Economics textbooks tell us that demand-pull inflation, a rise in aggregate demand, together with nearly full employment, is the most commonly accepted theory of inflation.
Of course, there are also cost-push theorists who see powerful unions demanding wage increases without any excess demand for labour that might generate inflation as the issue.
By and large, the most common belief about inflation is a combination of both forms.
The American journalist Henry Hazlitt wrote erroneous books on the topic of price increases, urging a return to the gold standard if they were to be tamed. These were enthusiastically taken up and promoted by libertarians who, also relatively clueless on the topic of inflation, blame government mismanagement for instigating both forms.
Curiously absent in all analyses is the escalation of land prices. The Earth has existed for more than 4 billion years; it had no cost of production, but when humans congregate at a location the phenomenon of land rent arises at those locations.
We can either capture that pubicly-generated rent publicly, or else allow it to be privatized by individuals. We do the latter, allowing land rent to be privatized and capitalized into locational prices. This means that we need to raise arbitrary taxation to withdraw money from the system and ‘protect the currency’. However, this is consigned to abysmal failure because of the deadweight costs generated by taxes. There is nonesuch with public capture of the economic rent of land.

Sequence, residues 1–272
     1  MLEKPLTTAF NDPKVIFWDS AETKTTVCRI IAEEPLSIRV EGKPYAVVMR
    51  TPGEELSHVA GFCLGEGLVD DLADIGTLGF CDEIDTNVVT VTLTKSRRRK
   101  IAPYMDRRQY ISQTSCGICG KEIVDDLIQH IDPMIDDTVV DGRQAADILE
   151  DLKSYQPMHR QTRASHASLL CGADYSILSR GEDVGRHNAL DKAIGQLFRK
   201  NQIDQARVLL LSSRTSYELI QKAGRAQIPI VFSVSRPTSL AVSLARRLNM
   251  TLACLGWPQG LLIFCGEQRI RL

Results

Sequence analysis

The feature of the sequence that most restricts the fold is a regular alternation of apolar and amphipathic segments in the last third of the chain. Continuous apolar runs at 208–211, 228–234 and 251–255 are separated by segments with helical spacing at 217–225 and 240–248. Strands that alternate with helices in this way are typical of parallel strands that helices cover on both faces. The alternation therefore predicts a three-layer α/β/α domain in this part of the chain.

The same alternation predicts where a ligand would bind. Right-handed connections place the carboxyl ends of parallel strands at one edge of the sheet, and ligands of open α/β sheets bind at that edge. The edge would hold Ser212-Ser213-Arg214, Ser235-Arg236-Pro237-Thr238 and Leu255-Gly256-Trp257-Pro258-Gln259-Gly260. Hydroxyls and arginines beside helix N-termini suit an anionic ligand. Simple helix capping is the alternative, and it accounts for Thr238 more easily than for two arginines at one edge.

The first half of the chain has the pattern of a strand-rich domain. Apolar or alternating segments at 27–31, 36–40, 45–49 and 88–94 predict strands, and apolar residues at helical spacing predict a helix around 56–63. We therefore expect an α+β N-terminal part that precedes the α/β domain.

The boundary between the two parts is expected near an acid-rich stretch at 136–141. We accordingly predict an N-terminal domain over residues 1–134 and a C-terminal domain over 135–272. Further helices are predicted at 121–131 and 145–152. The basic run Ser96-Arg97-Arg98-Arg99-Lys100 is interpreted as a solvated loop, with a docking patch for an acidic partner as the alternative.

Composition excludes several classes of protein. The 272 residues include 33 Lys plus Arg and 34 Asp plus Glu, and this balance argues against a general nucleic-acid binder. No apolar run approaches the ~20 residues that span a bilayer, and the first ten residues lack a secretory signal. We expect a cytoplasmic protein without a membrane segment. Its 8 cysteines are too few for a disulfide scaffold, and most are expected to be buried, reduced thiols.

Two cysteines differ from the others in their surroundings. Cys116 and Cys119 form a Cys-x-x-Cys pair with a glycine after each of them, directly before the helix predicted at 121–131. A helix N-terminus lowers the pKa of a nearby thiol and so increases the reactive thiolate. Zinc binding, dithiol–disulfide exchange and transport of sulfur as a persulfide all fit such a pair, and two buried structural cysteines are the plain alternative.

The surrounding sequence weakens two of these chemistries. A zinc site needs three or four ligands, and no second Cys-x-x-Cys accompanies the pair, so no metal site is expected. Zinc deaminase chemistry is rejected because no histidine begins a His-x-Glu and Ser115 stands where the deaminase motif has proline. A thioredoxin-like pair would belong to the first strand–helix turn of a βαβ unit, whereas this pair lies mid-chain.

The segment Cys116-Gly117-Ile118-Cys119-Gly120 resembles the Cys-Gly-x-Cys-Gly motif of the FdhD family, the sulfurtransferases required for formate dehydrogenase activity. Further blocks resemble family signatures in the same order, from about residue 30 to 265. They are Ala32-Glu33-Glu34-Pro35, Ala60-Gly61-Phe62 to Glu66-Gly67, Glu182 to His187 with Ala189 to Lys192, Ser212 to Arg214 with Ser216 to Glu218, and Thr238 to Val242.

“Australia’s Future Tax System” (‘The Henry Tax Review’) advocated greater public capture of land rent by means of an all-in land tax which would be more than offset by abolition of some 100 inefficient taxes. As mentioned, these currently inflate prices by being passed off into costs. To date, however, the recomendations of The Henry Tax Review lie dormant.
Accordingly, Australia has seen its land prices increase at an average rate of 9.25% per annum since 1984. Taxes and land prices: there’s your truly destructive cost-push inflation devaluing the currency and increasing prices of good and services. There, also, are the excessive land prices, much of which in the next few years, in the absence of public policy action, will be significantly destroyed in a depressionary scenario. But, no, in neoclassical economic terms, we simply have a “supply problem” with excessive land prices, and any economic convulsion will simply be “the natural business cycle” in action.
Land price (and tax) inflation is that which is completely ignored in all neoclassical economic investigations. Land, which will outlast us all, costs businesses and individuals excessively because we have equated and conflated land rental income with the incomes from produced capital.
Current ignorance of the role of land prices mocks all inflationary analyses.